FIG. 9 illustrates another embodiment which is generally the same as the embodiment of FIGS. 1-5 and hence components of this embodiment are identified by the same reference numerals where they perform the same function even though they may be shaped slightly differently. In this embodiment, the sections 53 and 54, rather than entering the tunnel 27 through the side wall 51, enter through the top wall 52. In all other regards, this embodiment is the same as that previously described. Because of the high entry of the exhaust gases into the tunnel area 27, the likelihood of water intrusion will be substantially reduced. This is so even though the openings of the previously described embodiment enter the tunnel area 27 above the water level under all running conditions of the watercraft 21.

FIG. 11 shows another embodiment which differs from the previously described embodiments only in the way in which the exhaust gases are delivered to the tunnel area 27. For that reason, only the differences in the construction will be described and components which are the same as those previously described are indicated by the same reference numerals. Also, only a portion of the watercraft is illustrated, this being the portion where the exhaust gases enter the tunnel.

In this embodiment, the U-shaped pipe 48 has two branch sections, a forward branch section 151, which extends back across the top of the tunnel 27 above the upper wall 52 and then turns downwardly to enter the tunnel 27 through the upper wall 52 in the same manner as the forward opening 53 of the embodiment of FIGS. 9 and 10. There is provided a further branch 152 that extends along the side wall 51 and cooperates with a fitting 153 therein to deliver the exhaust gases to the tunnel 27 through the wall 51 and rearwardly of the portion 151. A flap type valve 154 is positioned across the opening of this rear fitting 153 to normally close it until the exhaust gas pressure becomes high enough due to increased engine speed.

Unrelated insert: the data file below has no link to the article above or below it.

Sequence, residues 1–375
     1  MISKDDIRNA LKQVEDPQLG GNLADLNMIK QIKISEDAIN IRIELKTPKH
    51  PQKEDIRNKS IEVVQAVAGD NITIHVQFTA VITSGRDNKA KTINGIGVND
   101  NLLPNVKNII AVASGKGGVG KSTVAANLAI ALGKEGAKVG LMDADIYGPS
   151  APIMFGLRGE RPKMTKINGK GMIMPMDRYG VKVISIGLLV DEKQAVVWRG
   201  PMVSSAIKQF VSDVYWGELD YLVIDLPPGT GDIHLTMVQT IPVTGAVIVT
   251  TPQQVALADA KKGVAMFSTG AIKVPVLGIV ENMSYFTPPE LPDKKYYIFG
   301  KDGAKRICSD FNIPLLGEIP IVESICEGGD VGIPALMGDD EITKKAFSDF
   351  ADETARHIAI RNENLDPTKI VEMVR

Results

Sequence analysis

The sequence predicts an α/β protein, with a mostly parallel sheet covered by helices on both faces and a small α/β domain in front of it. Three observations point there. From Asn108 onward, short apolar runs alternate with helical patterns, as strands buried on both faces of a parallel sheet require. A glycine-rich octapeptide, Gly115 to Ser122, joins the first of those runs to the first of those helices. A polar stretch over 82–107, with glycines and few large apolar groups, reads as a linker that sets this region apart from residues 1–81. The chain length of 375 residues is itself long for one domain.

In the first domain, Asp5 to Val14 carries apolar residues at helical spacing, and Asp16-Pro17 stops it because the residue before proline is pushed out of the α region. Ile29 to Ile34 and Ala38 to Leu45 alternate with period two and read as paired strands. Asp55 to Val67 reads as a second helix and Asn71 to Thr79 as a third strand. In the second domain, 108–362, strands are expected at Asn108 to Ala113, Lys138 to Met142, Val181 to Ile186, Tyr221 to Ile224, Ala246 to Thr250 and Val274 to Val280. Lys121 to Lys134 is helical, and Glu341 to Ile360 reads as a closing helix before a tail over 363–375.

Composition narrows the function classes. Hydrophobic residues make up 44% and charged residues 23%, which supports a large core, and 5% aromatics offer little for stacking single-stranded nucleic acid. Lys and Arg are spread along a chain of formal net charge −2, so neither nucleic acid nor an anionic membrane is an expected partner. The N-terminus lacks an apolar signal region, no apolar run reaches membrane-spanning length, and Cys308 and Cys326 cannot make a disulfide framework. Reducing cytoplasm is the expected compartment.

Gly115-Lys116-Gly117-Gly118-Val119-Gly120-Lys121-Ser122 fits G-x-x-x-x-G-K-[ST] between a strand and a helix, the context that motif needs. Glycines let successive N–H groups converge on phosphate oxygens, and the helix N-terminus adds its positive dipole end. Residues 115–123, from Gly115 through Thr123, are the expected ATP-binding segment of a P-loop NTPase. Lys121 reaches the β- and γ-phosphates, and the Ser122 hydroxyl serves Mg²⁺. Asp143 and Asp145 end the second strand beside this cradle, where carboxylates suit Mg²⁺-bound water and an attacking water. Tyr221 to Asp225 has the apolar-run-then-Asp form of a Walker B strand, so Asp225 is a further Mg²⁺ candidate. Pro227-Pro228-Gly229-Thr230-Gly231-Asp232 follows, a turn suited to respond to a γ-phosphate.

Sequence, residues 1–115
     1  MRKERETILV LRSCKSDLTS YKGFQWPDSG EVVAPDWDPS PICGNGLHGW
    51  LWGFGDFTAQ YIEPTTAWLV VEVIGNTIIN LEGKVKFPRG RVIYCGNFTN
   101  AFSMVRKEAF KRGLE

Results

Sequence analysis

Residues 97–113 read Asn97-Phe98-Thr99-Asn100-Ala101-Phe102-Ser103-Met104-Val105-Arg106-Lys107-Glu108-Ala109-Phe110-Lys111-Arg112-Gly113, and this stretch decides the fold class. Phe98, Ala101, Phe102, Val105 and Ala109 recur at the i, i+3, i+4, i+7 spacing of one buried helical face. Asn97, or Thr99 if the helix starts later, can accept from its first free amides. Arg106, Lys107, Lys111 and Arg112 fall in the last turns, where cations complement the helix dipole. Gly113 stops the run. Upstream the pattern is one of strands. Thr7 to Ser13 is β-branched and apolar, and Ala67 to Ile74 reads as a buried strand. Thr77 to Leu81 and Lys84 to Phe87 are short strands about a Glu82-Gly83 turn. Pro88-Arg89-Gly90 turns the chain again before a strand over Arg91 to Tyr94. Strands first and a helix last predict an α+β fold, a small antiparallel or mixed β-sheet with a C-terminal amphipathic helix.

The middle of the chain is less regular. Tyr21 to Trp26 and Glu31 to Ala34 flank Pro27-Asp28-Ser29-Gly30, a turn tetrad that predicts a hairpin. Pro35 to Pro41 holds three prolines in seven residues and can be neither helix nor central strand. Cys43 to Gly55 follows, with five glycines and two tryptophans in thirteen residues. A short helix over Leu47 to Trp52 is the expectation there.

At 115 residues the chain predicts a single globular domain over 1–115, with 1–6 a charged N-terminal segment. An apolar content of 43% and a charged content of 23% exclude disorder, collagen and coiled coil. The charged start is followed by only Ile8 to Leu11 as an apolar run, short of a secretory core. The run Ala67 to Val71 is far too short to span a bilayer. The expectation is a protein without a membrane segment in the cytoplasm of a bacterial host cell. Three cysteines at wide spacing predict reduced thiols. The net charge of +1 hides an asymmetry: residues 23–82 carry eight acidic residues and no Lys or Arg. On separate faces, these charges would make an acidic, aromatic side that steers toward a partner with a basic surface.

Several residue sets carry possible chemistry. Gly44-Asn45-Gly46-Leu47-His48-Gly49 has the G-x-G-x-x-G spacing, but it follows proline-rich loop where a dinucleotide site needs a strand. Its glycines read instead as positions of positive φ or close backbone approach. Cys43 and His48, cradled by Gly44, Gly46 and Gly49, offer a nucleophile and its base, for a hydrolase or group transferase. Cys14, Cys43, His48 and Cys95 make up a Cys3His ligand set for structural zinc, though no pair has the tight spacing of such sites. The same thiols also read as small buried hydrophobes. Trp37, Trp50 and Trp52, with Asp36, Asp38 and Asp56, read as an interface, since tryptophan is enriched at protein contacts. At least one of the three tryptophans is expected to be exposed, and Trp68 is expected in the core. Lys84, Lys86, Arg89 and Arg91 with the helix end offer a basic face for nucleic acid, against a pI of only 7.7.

The embodiments of FIGS. 9 and 10 and FIG. 11 have both employed flap type valves which, as have been noted, can be employed also with the embodiment of FIGS. 6-8. Alternatively, these embodiments may use the water curtain type of flow control as shown in the embodiments of FIGS. 6 and 7 either with or without a flap type valve.

It should be apparent from the foregoing description that the described embodiments of the invention provide very effective silencing for the exhaust gases of a watercraft without increasing the back pressure. Of course, the foregoing description is that of preferred embodiments of the invention and various changes and modifications may be made without departing from the spirit and scope of the invention, as defined by the appended claims.

Patent Citations
Cited PatentFiling datePublication dateApplicantTitle
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Referenced by
Citing PatentFiling datePublication dateApplicantTitle
US5928044 *Oct 2, 1997Jul 27, 1999Yamaha Hatsudoki Kabushiki KaishaExhaust system for an engine
US6017255 *Oct 31, 1997Jan 25, 2000Yamaha Hatsudoki Kabushiki KaishaExhaust system for engine powering a watercraft
US6066014 *Aug 17, 1998May 23, 2000Polaris Industries Inc.Small watercraft exhaust device
US6183324Jan 30, 1998Feb 6, 2001Yamaha Hatsudoki Kabushiki KaishaExhaust system for engine powering a watercraft
US6491557 *Nov 21, 2001Dec 10, 2002Yamaha Hatsudoki Kabushiki KaishaExhaust system for watercraft
US6896568 *Jul 31, 2003May 24, 2005Kawasaki Jukogyo Kabushiki KaishaExhaust outlet equipment of small watercraft and pipe mounting structure
EP1566333A1 *Feb 2, 2005Aug 24, 2005AlstomUnderwater exhaust arrangement
Classifications
U.S. Classification440/89.00R, 114/55.51, 440/89.00J
International ClassificationB63H21/32, F01N1/16, F02B61/04, F01N13/00, F01N13/12, F01N1/20, B63H21/34, B63B35/73
Cooperative ClassificationB63B35/731, F02B61/045, F01N2590/022, F01N1/165, B63H21/34, B63H21/32, F01N13/12, F01N13/004, F01N1/20
European ClassificationB63H21/32, F01N13/00C, F01N1/16B, F02B61/04B, B63H21/34, B63B35/73B, F01N1/20, F01N13/12